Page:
Hydrogen’s Role in Net Zero
The Government has set an ambitious target to reach net zero carbon emissions by 2050. It is clear that hydrogen will play a role in this, with the Committee on Climate Change predicting we will need 250 TWh of hydrogen by 2050.
Even more ambitiously, the North West wants to achieve this by 2040, while creating the world’s first low-carbon industrial cluster by 2030.
To do this we need to find ways of decarbonising our energy system, industries and transport. Hydrogen can provide clean energy for our homes, businesses and transport networks.
Hydrogen is a chemical element that exists in molecular form as water and methane, for example. Hydrogen is produced from water by electrolysis, and from methane by reformation. It offers a way to deliver low carbon energy because when it is burned it doesn’t produce carbon dioxide, just water and energy.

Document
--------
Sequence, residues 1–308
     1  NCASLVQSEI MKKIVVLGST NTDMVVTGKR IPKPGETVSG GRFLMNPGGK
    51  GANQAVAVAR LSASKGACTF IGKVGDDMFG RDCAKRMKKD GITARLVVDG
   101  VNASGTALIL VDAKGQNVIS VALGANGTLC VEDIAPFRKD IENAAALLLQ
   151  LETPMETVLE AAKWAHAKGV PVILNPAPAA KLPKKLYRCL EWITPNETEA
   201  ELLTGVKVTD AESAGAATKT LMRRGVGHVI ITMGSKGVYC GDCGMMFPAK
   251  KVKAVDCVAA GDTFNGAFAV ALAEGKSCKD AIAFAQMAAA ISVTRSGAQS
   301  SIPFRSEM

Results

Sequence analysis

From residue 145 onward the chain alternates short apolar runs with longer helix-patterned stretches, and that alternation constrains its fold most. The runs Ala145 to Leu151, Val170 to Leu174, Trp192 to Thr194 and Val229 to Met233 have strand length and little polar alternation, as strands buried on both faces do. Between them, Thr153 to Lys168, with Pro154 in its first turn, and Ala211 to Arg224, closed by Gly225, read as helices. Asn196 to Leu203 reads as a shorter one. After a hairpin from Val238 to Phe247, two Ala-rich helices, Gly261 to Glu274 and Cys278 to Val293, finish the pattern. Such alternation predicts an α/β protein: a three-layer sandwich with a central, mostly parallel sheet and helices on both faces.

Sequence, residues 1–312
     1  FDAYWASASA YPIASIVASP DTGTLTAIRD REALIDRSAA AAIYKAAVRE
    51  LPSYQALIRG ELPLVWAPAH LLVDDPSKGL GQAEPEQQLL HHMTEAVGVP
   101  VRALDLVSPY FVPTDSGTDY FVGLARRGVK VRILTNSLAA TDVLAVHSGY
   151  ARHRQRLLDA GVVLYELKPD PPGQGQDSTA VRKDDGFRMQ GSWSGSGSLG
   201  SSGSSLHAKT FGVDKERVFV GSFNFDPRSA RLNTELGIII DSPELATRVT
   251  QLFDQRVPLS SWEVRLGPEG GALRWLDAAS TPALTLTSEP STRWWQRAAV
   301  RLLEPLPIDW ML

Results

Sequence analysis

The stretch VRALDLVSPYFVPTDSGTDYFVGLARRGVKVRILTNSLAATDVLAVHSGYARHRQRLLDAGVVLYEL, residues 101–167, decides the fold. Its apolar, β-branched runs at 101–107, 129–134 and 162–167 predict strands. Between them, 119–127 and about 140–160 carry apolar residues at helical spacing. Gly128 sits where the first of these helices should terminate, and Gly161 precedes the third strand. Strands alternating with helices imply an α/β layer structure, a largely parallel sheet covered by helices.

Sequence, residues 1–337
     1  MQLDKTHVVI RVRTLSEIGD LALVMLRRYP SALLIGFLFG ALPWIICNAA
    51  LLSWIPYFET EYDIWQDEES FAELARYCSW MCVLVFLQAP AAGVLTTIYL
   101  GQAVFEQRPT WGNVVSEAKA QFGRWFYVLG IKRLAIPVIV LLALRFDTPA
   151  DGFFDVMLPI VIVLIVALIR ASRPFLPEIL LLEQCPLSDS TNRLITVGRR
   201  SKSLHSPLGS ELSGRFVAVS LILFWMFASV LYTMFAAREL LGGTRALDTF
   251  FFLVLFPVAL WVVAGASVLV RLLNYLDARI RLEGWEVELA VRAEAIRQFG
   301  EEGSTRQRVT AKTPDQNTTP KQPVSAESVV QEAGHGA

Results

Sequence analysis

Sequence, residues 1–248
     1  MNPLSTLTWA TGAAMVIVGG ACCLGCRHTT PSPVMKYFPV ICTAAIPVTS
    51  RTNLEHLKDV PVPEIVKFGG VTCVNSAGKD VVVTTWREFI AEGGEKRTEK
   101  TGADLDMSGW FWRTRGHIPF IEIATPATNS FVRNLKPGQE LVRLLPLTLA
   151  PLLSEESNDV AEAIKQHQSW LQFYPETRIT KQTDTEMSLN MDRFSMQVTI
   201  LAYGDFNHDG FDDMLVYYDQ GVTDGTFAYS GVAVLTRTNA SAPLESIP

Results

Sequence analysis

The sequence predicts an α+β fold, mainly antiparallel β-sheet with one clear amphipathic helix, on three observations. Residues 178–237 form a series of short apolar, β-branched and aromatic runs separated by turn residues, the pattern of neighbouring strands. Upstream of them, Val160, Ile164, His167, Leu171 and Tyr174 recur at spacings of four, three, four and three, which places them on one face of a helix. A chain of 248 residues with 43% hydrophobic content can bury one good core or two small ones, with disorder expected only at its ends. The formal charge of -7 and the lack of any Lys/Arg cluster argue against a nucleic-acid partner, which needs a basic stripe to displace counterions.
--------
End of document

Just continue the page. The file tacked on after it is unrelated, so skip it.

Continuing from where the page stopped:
A flexible energy source, it is already being used to fuel vehicle fleets and industry. Stored hydrogen is able to provide flexible power supply when the sun doesn’t shine and wind doesn’t blow.
Helping to meet climate change and clean air targets, hydrogen could be a vital part of the UK’s low carbon energy future. Decades of research, development and testing have shown that hydrogen technology is a viable alternative to fossil fuels which is competitive with other forms of low carbon energy, and could be deployed across the UK.
Role of Hydrogen in a 2050 Net Zero Energy System
Hydrogen has an important role to play in balancing a whole energy system. It can work in two ways: to generate heat immediately, or as a storage method when renewable energy sources are generating more electricity than the country needs.